Christian Empathy

Romans 12:15 NET - Rejoice with those who rejoice, weep with those who weep.

1 Corinthians 12:25-27 NLT - This makes for harmony among the members [of Christ’s Church], so that all the members care for each other. 26 If one part suffers, all the parts suffer with it, and if one part is honored, all the parts are glad. 27 All of you together are Christ’s body, and each of you is a part of it.

Empathy is the ability to understand and share the feelings of another.  In some hard cases, people may reject the encouragement of those who have not gone through similar situations.  “You just don’t understand!”  Interestingly, the desire for someone who “gets it” can be healing even if they don’t have any advice or insights.  Just the presence and concern of someone who “understands what I’m feeling” is often a ministry in itself.  Maybe no miracles occur, but there is someone who “knows how I feel.”  This is why pain is never wasted in the life of a Christian.  Trials and traumas are building blocks for a ministry of empathy toward one another. However, in order to unleash the benefits of empathy, you often need to become vulnerable about the griefs and pains that helped shape your empathy.  The details may be embarrassing or shocking.  They should never be used to glorify sin or embarrass others unless they’ve given permission to share.  But to minister Christian empathy, it often requires that we give up any mask of “having always had it all together”.  It may require admitting faults or sins that caused our pain and grief.  Or it may require cautious sharing of mental struggles and torment if emotional doubts or anger with God accompanied your past pain.  In some cases, we may even avoid ministering empathy to others because we don’t want to be reminded of past pain.  Yet the example of Christ and His Apostles were that of wounded healers and suffering servants.  Finally, consider the Golden Rule in Matthew 7:12. Temptations regarding pride, jealousy, religious legalism, selfishness, embarrassment, fear, and cruelty may be the main obstacles to our ability to empathize with others’ sufferings and celebrating with their successes.  Simply ask yourself, “If I were rejoicing over great news, how would I want others to respond?”  Also, “If I were suffering - emotionally, financially, mentally, or physically, how would I want others to respond?”  Rather than evaluating their worthiness to be blessed or their blame for their pain…simply go and do for one another whatever you would want them to do for you.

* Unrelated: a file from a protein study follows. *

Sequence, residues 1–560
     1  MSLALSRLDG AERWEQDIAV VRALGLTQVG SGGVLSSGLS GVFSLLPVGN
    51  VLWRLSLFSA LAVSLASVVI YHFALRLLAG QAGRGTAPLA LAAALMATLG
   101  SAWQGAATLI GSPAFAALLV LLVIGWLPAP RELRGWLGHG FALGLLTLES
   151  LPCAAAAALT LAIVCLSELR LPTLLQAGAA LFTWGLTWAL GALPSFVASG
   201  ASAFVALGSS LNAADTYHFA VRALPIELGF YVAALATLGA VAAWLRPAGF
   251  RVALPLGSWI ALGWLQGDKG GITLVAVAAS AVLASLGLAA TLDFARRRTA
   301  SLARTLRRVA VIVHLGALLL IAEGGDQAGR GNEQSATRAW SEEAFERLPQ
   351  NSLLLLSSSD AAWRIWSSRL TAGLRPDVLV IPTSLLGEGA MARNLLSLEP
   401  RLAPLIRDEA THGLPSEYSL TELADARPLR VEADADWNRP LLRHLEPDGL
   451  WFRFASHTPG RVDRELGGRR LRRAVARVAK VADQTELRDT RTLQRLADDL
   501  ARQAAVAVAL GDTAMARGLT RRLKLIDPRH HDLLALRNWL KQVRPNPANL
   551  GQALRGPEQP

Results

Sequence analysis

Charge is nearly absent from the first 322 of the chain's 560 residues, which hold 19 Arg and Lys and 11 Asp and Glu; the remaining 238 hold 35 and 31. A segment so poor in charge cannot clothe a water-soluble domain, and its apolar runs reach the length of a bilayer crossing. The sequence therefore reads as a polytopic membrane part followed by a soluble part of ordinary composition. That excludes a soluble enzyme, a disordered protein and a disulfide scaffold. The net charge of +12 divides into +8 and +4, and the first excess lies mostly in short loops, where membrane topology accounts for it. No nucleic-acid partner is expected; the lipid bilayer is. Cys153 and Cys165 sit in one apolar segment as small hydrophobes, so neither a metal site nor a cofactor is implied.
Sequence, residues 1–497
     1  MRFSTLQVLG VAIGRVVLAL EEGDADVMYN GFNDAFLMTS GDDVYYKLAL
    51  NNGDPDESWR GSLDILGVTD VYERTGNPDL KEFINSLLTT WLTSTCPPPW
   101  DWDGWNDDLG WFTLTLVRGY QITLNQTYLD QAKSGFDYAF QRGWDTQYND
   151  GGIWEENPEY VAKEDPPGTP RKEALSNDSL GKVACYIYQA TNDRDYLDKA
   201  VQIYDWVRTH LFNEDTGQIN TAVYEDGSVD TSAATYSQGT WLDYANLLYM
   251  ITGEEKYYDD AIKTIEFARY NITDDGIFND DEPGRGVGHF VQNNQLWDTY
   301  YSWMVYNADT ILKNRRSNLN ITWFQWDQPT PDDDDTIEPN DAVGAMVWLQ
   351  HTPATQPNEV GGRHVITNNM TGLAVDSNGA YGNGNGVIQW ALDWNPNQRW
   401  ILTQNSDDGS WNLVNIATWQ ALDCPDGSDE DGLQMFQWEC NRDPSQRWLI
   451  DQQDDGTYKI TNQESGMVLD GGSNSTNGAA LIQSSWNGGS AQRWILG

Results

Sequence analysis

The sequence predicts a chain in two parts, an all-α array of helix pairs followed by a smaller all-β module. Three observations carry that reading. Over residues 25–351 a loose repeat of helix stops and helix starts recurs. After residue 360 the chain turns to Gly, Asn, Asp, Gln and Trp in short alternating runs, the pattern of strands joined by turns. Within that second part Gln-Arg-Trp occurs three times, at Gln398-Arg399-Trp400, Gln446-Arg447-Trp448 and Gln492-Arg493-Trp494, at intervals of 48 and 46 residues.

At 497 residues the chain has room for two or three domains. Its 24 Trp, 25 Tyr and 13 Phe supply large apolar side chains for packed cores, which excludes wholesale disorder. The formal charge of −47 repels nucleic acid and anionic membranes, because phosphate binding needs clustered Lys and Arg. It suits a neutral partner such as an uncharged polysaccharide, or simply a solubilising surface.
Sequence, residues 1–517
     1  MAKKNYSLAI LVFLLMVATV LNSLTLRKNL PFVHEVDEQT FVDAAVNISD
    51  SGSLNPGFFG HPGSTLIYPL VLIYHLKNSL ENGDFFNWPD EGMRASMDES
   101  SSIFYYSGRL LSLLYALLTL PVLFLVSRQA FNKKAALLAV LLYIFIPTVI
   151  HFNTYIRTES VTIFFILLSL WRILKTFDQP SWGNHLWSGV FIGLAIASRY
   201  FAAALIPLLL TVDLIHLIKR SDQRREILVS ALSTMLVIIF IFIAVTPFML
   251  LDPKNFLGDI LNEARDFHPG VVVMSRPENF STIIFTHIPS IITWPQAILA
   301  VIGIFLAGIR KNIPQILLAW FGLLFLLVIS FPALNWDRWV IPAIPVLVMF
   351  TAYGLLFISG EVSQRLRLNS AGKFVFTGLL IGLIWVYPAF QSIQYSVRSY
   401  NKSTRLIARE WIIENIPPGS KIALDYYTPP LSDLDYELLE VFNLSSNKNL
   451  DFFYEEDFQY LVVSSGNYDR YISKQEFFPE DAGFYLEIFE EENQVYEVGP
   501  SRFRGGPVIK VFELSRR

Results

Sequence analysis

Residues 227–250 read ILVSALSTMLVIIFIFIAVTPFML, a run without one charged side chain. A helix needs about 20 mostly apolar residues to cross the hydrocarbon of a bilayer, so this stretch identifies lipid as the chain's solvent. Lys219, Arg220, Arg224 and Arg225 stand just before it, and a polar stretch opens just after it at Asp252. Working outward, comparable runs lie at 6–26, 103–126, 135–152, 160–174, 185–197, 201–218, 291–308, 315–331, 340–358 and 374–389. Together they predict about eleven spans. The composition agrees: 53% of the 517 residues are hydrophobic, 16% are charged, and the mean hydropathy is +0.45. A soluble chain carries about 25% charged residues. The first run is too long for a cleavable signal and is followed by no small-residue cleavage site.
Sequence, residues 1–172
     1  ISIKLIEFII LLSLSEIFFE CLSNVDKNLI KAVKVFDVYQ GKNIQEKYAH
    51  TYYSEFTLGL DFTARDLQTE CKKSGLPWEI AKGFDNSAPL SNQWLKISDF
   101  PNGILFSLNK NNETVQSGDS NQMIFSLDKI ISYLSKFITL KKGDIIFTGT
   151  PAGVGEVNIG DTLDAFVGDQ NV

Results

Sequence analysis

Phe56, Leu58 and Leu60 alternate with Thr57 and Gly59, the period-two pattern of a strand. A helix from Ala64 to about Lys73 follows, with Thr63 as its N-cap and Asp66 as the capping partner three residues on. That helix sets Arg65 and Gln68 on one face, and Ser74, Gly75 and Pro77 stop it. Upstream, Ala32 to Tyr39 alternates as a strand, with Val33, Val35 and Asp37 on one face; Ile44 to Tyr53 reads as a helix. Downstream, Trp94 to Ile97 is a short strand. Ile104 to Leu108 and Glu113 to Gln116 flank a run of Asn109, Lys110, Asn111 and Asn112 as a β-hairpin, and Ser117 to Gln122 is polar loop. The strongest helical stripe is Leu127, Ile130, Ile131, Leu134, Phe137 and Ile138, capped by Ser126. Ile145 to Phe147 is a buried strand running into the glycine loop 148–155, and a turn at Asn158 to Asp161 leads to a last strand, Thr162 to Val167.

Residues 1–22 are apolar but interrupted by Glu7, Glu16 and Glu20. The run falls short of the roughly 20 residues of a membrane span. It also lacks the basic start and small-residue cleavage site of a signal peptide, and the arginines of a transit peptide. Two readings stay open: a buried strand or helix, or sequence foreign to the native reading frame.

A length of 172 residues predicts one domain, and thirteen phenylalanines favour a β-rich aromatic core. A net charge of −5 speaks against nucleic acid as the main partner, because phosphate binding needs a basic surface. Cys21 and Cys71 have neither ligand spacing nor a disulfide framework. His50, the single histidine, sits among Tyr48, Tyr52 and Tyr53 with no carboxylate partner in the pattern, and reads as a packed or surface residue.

Matthew 7:12 ESV - So whatever you wish that others would do to you, do also to them, for this is the Law and the Prophets.